I WAS RECENTLY ASKED why, if I am an atheist, I spend so much time on my blog writing about God and religion.
I think that's a fair question, and it also struck me as an interesting one.
I began to mull it over by looking back at the posts for the previous thirty days, as a sort of representative sampling. I was a bit surprised to find that I actually write about those topics less than I would have guessed.
Only 20% of the daily quotes have any mention of God or religion. Only about a third of my posts could be argued to focus on either topic in any serious way.
I don't count, for example, yesterday's post, which was a reply to a mean-spirited attack on atheists in the Los Angeles Times. The focus of that post was the irresponsibility of the attacker, even though I had to mention religion in passing a couple of times in order to point out the author's dishonesty.
The ten or twelve posts (depending on how you make the call) that really do talk about religion or God during the last month are the following:
- Four posts in an ongoing series on What the Bible Says about Abortion.
- Two posts in a series titled Atheism and Religion: A False Division?
- Evolution, Religion, and Atheism—a post on a Pew poll that broke down levels of belief in evolution by denominations.
- Three posts in a series on a piece of email propaganda titled The Legend of the Cherokee.
- If the bar is set very low, two posts from the series on Emerging Spirituality might be included, since they discuss the world-views of ancient civilizations, and those world-views did happen to be religious.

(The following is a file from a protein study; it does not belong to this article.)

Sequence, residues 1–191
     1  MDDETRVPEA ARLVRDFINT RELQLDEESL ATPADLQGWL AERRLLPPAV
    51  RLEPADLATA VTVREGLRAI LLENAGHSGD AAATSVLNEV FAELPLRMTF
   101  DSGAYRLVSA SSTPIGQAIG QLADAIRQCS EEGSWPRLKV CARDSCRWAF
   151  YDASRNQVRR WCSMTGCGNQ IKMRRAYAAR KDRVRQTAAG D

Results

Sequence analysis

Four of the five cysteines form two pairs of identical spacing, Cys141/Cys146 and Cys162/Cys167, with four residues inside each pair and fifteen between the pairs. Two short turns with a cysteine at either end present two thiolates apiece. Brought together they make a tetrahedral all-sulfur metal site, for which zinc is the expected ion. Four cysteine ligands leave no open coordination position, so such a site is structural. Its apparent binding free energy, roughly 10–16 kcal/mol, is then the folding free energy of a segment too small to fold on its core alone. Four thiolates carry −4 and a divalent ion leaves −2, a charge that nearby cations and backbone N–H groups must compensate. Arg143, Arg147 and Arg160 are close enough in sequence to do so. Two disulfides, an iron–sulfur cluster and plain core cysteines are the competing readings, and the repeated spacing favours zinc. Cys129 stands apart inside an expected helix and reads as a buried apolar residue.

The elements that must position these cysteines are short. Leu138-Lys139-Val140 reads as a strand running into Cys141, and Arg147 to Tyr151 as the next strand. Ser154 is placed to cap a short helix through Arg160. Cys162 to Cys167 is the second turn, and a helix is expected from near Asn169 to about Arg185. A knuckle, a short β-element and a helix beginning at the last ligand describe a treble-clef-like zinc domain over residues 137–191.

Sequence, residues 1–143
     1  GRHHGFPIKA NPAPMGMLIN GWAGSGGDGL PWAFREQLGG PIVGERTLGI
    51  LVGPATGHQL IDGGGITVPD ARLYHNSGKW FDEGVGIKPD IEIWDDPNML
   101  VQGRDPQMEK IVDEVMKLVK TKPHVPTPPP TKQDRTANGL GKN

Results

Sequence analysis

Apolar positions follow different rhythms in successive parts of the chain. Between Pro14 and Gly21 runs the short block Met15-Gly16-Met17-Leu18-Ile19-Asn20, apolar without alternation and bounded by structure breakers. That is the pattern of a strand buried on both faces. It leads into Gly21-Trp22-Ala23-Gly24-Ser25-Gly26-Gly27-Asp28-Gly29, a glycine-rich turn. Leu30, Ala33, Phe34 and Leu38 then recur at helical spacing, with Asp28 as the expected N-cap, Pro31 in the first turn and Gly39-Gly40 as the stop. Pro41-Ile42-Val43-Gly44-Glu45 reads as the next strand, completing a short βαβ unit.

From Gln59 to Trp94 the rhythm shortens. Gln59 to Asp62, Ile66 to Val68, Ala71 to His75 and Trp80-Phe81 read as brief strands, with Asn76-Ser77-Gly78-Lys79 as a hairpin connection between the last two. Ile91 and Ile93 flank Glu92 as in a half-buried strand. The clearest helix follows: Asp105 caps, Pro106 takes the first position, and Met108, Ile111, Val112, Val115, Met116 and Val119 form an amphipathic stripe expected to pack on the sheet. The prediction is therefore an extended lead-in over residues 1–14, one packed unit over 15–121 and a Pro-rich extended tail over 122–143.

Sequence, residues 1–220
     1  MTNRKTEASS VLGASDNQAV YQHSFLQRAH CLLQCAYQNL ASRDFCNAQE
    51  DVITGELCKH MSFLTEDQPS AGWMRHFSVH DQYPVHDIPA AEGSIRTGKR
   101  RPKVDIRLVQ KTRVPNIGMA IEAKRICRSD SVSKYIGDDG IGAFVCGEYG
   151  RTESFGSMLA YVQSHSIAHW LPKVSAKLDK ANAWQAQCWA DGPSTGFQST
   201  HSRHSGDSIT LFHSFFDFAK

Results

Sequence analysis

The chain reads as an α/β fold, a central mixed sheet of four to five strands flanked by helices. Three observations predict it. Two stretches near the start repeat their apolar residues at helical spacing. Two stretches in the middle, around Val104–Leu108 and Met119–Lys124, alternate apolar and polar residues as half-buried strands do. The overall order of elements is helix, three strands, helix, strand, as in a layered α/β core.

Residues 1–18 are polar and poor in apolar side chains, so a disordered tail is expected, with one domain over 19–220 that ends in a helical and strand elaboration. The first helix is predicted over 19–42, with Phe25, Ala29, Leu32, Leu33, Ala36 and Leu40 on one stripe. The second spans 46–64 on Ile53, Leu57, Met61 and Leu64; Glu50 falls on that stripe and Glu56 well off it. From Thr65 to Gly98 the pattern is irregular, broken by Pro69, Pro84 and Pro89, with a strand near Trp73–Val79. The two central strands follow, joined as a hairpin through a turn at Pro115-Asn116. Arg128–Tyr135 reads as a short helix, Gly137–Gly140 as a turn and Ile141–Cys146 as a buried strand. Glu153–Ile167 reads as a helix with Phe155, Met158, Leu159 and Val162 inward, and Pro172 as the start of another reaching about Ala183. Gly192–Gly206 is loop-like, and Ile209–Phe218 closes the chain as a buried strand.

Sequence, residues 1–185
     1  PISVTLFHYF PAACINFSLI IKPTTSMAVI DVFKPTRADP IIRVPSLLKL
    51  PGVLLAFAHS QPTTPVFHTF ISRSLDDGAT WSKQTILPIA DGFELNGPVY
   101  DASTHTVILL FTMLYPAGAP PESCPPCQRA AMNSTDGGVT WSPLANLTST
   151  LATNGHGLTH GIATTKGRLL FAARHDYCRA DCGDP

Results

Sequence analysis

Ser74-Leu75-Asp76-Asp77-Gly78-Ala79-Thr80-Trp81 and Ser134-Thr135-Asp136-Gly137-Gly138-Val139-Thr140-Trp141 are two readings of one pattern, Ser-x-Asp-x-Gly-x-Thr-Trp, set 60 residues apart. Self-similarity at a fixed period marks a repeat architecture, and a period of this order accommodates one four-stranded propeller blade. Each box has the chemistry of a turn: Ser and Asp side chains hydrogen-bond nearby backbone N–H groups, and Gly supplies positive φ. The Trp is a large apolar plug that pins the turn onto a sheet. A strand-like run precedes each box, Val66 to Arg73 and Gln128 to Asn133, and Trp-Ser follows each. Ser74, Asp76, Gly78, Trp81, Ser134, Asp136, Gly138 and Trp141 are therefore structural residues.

I started the daily mull two and a half years ago when a friend pointed out to me that my personal journey had in an odd way paralleled the evolution of American culture in recent years.
I had been a fundamentalist who loved William F. Buckley Jr. and voted twice for Reagan. I had become a theological liberal (though not yet an atheist) who listened to Pacifica Radio and voted for Clinton.
In the process, I had become convinced that the great divide which I had somehow crossed was a divide between two spiritualities—two fundamentally different ways of being human.
I was convinced, and still am, that religion and politics cannot be divided.
I write the daily mull for several reasons. I write to promote understanding between the two sides of that divide. I write to help myself and others understand the shape of that divide. I write to try to find, or at least contribute to the finding, of a way forward, given that divide.
In light of all that, each of the posts or series I mentioned above have their own various reasons:
I'll go into each in detail next time...